As I think of the good reasons to go to a store to buy something, instead of over the Web, some of those reasons may go away in the future. There may be a new Web version of retail brewing.
This has been on my mind since I posted on my other blog about the Trunk Club offering men a way to get the personal-service advantage of help and recommendations and opinions that they'd get from a good salesperson, without having to actually go to the store. It comes via Web video chat from a Trunk Club style expert. Founder Joanna Van Vleck pointed out that this may be the future of retail.
It takes dividing the benefits of buying retail into their components. Some can be replaced by the Web, some can't.
The world has already seen how effectively a Web offering can replace the kind of browsing we do in a bookstore. As long as we're able to wait a few days to get what we choose to buy. And more so with computer software. We choose and download. We don't even have to wait.
One component a Web alternative will never replace is immediacy for things that can't be delivered digitally. If you want some physical product right now today, then you go to the store. You go to a restaurant to sit and be served, and to the hair place to get your hair done, and that's not going to happen via live video chat.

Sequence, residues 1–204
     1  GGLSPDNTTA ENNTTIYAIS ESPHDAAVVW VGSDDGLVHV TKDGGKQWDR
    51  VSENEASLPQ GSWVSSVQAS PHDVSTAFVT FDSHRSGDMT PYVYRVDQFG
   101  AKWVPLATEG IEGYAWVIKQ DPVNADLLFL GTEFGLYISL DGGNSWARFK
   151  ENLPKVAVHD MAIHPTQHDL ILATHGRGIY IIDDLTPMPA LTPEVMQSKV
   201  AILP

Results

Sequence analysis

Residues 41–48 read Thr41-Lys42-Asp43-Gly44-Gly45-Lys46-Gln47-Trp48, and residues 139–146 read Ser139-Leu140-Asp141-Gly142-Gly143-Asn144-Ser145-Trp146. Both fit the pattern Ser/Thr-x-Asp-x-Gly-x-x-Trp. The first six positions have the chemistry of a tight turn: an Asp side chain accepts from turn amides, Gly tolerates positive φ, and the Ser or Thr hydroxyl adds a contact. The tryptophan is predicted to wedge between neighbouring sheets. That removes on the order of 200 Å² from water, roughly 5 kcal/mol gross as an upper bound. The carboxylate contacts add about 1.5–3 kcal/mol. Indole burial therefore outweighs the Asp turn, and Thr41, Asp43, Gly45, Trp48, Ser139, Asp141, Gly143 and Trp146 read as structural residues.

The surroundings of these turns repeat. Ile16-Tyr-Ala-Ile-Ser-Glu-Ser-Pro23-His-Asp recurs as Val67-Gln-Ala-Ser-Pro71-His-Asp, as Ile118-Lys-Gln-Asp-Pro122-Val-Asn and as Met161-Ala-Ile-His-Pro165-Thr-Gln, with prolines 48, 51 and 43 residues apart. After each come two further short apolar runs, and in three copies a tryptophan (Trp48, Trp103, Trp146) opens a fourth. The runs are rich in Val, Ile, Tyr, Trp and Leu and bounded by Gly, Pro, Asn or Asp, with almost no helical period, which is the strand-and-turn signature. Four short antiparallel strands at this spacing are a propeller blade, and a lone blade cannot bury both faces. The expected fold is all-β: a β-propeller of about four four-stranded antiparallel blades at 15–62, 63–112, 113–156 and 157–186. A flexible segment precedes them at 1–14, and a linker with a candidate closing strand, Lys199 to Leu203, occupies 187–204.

Another component is the actual visual and tactile comparison. Look at the various offerings on the shelf. Pick them up, read the package, make a choice.
The component of the retail transaction that a Web alternative might replace, for some businesses, is the interaction with the expert. Many hardware and home maintenance and home remodeling businesses advertise person-to-person expertise as a reason to visit the store. Could that become a live Web chat followed by an order, shipping, and then maybe more Web chat? What about the specialty vitamin shop, or the health foods store? The hobby shop? And maybe the office supplies and office technology business, offering a video chat with an expert leading to an order for a printer, or scanner, or new computer?
Better still, I have an expert I know and trust, with whom I have worked again and again over time, who I can meet with, by appointment on the Web cam.
The secret is the use of the interactive Web video — over Skype, for example, or equivalent Yahoo! or Google video chat facilities — to do what that trusted salesperson in the favorite store might do.
So it makes me start to think. Sure, with this model I have to wait to actually get the goods; but I don't have to go to the store, wait in traffic, park the car, find the salesperson, and so on. It's a very intriguing alternative.
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